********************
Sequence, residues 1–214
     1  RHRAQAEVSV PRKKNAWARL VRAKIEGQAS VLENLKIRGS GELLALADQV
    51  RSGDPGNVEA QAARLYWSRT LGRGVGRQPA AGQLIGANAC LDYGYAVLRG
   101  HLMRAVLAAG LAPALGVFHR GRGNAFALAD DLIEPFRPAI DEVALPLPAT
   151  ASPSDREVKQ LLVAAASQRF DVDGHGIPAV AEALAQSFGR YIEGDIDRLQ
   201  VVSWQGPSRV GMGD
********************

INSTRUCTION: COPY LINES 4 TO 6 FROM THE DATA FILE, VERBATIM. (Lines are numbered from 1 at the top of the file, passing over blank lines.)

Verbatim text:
   101  HLMRAVLAAG LAPALGVFHR GRGNAFALAD DLIEPFRPAI DEVALPLPAT
   151  ASPSDREVKQ LLVAAASQRF DVDGHGIPAV AEALAQSFGR YIEGDIDRLQ
   201  VVSWQGPSRV GMGD